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The Scale Dependence of Wine and Terroir: Examples from Coastal California and the Napa Valley (USA)

By , and

The physical parameters of terroir are scale dependent. At the regional scale, climate is paramount and relates to the grape varietals most suited to the setting. Intermediate factors include geologic setting, sun exposure, and topography, all of which influence grape quality and character. At the smaller scale, soil character and local climatic variation shape grape flavor and aroma. These notions are discussed in relation to four California (USA) wine regions: Sonoma County, Paso Robles, Santa Barbara County, and Napa Valley.

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Remote Sensing Applications for Viticultural Terroir Analysis

By

With the rise of remotely piloted aircraft systems, increasing computing power and advances in image processing software, the opportunities for vineyard observations through remote sensing are increasing. Remote sensing and image analysis techniques that are becoming more available include object-based image analysis, spatiotemporal analysis, hyperspectral analysis, and topoclimatology. Each of these techniques are described and discussed as potential for development within a viticulture and terroir context. While remote sensing applications are well established at the smaller precision viticulture scale, the larger spatial scale of terroir analysis requires adaptation and new models of analysis.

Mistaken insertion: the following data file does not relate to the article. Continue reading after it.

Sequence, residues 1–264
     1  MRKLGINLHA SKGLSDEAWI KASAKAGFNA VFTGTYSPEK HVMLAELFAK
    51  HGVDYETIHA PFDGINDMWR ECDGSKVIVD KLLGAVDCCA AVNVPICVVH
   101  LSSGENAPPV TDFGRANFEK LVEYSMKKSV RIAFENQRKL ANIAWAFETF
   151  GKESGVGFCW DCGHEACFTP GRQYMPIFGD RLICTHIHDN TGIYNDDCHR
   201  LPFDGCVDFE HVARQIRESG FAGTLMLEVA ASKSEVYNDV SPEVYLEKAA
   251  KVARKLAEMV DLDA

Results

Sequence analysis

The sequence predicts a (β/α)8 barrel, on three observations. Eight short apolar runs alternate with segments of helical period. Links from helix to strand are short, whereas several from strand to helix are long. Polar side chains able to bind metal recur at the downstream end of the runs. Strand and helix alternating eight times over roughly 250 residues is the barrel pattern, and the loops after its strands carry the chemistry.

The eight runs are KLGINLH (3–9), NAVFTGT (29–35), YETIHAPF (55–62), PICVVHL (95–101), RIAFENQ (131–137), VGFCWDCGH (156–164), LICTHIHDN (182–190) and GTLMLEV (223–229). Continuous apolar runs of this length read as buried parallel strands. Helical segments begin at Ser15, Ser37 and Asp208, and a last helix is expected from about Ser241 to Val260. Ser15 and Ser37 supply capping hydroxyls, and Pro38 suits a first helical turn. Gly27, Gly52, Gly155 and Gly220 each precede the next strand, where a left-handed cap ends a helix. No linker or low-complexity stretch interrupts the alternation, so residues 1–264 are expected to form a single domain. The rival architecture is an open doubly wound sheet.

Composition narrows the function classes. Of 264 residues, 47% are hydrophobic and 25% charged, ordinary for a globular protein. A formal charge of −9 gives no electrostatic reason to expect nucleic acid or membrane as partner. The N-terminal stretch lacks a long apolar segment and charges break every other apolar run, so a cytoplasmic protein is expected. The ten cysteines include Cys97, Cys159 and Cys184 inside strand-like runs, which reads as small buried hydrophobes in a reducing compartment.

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The Science of Terroir

By

Terroir involves the complex interplay of climate, soil, geology, and viticulture, all of which influence the character and quality of a wine from a given grape variety, rootstock, and viticultural practice. Contrary to the assertions of some wine writers, the minerals and character of the soil cannot be tasted in the wine. Rather, it is their effect on the grape ripening process that gives certain wines a “sense of place”. Most important is water availability, which is a function of climate (rainfall and humidity) and soil water-holding capacity. The soil structure reflects the geologic history of a region and may have evolved over millions of years as influenced by faulting, weathering, and bedrock mineralogy. Far-field effects such as glaciation and resultant sea-level change can affect landscapes that are thousands of kilometers apart.